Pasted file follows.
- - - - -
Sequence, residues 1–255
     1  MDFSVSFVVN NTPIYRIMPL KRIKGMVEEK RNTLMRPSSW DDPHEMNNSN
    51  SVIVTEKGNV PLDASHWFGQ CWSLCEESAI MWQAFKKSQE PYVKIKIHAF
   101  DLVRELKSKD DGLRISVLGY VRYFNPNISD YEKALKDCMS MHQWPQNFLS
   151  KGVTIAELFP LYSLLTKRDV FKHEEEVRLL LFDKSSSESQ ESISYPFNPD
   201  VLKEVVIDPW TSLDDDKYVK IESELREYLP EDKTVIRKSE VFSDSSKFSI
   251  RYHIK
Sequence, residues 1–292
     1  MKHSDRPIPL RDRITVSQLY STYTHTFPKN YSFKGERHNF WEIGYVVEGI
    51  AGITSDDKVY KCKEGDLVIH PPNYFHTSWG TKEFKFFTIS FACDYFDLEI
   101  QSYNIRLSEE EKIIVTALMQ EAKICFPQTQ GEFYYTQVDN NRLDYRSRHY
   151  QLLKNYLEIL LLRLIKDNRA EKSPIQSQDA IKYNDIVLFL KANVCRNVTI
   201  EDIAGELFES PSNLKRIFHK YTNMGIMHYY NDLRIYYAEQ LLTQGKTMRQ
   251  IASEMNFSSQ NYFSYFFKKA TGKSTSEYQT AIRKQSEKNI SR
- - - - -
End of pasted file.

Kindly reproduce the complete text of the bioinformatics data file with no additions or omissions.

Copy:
Sequence, residues 1–255
     1  MDFSVSFVVN NTPIYRIMPL KRIKGMVEEK RNTLMRPSSW DDPHEMNNSN
    51  SVIVTEKGNV PLDASHWFGQ CWSLCEESAI MWQAFKKSQE PYVKIKIHAF
   101  DLVRELKSKD DGLRISVLGY VRYFNPNISD YEKALKDCMS MHQWPQNFLS
   151  KGVTIAELFP LYSLLTKRDV FKHEEEVRLL LFDKSSSESQ ESISYPFNPD
   201  VLKEVVIDPW TSLDDDKYVK IESELREYLP EDKTVIRKSE VFSDSSKFSI
   251  RYHIK
Sequence, residues 1–292
     1  MKHSDRPIPL RDRITVSQLY STYTHTFPKN YSFKGERHNF WEIGYVVEGI
    51  AGITSDDKVY KCKEGDLVIH PPNYFHTSWG TKEFKFFTIS FACDYFDLEI
   101  QSYNIRLSEE EKIIVTALMQ EAKICFPQTQ GEFYYTQVDN NRLDYRSRHY
   151  QLLKNYLEIL LLRLIKDNRA EKSPIQSQDA IKYNDIVLFL KANVCRNVTI
   201  EDIAGELFES PSNLKRIFHK YTNMGIMHYY NDLRIYYAEQ LLTQGKTMRQ
   251  IASEMNFSSQ NYFSYFFKKA TGKSTSEYQT AIRKQSEKNI SR